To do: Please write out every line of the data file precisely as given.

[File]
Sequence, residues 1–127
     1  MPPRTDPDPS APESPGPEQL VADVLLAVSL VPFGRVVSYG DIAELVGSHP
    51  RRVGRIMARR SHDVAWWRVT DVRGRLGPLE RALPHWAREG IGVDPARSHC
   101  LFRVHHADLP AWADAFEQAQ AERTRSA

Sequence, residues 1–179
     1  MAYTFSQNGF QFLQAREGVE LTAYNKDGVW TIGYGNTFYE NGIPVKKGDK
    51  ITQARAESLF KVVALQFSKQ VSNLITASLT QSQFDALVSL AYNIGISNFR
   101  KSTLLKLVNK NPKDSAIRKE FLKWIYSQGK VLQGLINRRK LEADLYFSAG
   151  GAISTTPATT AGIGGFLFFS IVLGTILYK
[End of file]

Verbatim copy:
Sequence, residues 1–127
     1  MPPRTDPDPS APESPGPEQL VADVLLAVSL VPFGRVVSYG DIAELVGSHP
    51  RRVGRIMARR SHDVAWWRVT DVRGRLGPLE RALPHWAREG IGVDPARSHC
   101  LFRVHHADLP AWADAFEQAQ AERTRSA

Sequence, residues 1–179
     1  MAYTFSQNGF QFLQAREGVE LTAYNKDGVW TIGYGNTFYE NGIPVKKGDK
    51  ITQARAESLF KVVALQFSKQ VSNLITASLT QSQFDALVSL AYNIGISNFR
   101  KSTLLKLVNK NPKDSAIRKE FLKWIYSQGK VLQGLINRRK LEADLYFSAG
   151  GAISTTPATT AGIGGFLFFS IVLGTILYK